Results from a series of studies of methanogenic processes in crude oil- and creosote-contaminated aquifers indicate that acetoclastic methanogenesis is inhibited near non-aqueous sources. At a crude oil-contaminated site, numbers of acetoclastic methanogens found close to crude oil were one hundred times fewer than those of hydrogen- and formate-utilizing methanogens. In laboratory toxicity assays, crude oil collected from the site inhibited methane production from acetate but not from formate or hydrogen. Toxicity assays with aqueous creosote extract completely inhibited acetate utilization over the range of tested dilutions but only mildly affected formate and hydrogen utilization. The combined results from the laboratory and field studies suggest that in methanogenic contaminated aquifers, inhibition of acetoclastic methanogenesis may lead to a buildup of acetate relative to dissolved organic carbon.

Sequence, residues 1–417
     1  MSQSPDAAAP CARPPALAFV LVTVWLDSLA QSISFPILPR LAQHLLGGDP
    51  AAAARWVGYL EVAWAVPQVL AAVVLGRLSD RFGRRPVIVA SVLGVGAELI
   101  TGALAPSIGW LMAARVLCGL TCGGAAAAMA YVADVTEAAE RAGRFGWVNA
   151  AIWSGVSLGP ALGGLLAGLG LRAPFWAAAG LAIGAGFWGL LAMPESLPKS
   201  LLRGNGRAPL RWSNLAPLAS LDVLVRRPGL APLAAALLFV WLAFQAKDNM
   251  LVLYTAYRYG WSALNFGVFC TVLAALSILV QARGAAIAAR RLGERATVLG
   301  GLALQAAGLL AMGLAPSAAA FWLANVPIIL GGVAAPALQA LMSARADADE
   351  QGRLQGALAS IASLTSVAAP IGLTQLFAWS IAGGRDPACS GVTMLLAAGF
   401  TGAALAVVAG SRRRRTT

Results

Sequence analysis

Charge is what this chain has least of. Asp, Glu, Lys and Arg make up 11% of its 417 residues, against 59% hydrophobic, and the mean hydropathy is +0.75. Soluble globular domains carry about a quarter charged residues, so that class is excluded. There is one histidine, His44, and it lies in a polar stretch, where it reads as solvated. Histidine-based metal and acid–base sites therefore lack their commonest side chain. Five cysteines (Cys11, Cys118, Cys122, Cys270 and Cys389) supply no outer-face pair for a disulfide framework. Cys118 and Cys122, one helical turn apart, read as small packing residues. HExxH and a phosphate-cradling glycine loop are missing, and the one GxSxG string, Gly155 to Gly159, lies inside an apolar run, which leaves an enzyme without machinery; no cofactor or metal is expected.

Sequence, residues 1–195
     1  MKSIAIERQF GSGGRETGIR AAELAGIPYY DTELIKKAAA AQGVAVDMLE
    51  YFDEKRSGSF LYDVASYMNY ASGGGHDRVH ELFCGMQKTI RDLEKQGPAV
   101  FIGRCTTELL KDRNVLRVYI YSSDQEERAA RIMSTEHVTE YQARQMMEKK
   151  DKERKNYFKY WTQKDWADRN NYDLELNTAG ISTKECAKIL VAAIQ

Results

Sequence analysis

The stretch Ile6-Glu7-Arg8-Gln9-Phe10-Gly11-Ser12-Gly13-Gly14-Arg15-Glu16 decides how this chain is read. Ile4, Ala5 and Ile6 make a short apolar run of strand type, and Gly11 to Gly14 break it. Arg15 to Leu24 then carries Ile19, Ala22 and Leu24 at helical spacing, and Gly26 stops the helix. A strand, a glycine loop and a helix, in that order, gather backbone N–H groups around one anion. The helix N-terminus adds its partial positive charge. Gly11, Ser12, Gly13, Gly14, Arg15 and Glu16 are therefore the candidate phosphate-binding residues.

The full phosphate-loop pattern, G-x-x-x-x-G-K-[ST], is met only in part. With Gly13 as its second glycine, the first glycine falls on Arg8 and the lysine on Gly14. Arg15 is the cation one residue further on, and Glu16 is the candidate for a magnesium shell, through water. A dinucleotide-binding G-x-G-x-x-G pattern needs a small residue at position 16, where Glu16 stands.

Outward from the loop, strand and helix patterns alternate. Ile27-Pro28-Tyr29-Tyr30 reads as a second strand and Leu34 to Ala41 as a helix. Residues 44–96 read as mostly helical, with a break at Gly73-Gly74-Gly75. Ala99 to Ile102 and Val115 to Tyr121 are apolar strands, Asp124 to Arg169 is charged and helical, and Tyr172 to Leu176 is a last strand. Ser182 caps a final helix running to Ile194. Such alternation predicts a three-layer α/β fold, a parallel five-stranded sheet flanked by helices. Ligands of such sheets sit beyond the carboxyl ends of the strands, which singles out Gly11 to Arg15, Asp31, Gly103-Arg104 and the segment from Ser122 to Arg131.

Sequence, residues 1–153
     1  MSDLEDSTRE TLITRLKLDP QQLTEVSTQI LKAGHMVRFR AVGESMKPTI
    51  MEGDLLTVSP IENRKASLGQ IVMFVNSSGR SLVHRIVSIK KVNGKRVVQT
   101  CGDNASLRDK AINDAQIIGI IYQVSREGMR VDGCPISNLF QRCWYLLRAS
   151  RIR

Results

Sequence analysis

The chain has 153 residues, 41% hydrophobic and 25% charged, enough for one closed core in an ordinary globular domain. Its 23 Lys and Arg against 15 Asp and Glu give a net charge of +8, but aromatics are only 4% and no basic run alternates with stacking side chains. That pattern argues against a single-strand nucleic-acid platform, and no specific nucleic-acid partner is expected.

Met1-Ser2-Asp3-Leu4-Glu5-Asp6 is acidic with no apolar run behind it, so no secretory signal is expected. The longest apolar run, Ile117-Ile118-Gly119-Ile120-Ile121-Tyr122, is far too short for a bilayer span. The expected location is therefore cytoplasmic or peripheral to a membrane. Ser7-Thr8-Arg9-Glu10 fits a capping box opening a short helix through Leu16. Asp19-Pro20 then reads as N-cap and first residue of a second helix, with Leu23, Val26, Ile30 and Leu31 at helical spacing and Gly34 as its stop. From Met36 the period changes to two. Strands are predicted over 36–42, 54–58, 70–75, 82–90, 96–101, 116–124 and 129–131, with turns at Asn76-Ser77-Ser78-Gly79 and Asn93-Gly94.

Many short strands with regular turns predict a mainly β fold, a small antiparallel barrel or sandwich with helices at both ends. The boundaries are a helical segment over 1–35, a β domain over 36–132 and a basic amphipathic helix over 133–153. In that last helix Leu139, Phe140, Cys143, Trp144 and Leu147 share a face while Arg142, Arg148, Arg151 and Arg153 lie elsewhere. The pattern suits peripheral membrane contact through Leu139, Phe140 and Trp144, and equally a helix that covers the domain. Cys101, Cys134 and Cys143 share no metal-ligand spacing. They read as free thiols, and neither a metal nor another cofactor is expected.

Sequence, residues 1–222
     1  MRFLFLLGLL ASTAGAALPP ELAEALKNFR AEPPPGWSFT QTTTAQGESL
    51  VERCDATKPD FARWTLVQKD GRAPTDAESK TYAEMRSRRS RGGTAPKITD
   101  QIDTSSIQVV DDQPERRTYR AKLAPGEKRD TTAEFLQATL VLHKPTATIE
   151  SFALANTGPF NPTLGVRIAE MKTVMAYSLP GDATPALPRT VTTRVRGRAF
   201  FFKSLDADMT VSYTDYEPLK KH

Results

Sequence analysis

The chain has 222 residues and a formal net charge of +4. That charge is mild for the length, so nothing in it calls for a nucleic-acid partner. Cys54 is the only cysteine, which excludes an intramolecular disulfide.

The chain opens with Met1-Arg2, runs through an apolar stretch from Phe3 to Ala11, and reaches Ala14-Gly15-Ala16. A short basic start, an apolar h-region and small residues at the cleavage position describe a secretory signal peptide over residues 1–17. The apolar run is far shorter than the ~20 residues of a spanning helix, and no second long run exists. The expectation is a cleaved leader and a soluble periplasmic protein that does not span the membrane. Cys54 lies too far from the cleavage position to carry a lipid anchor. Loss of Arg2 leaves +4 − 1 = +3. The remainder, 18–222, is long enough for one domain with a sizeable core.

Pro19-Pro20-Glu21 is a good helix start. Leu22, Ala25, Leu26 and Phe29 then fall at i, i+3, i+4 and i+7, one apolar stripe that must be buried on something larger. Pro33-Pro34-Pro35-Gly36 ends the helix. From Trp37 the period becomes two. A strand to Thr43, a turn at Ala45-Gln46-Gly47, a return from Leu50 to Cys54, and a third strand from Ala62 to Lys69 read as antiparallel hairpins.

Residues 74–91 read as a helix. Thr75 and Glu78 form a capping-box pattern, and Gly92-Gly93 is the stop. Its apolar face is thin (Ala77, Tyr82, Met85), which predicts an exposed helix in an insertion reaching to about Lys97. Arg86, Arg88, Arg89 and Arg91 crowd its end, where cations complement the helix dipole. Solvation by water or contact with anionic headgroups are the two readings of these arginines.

|Title||Inhibition of acetoclastic methanogenesis in crude oil- and creosote-contaminated groundwater|
|Authors||Ean Warren, Barbara A. Bekins, E. Michael Godsy, Virginia K. Smith|
|Publication Subtype||Journal Article|
|Series Title||Bioremediation Journal|
|Record Source||USGS Publications Warehouse|
|USGS Organization||Toxic Substances Hydrology Program|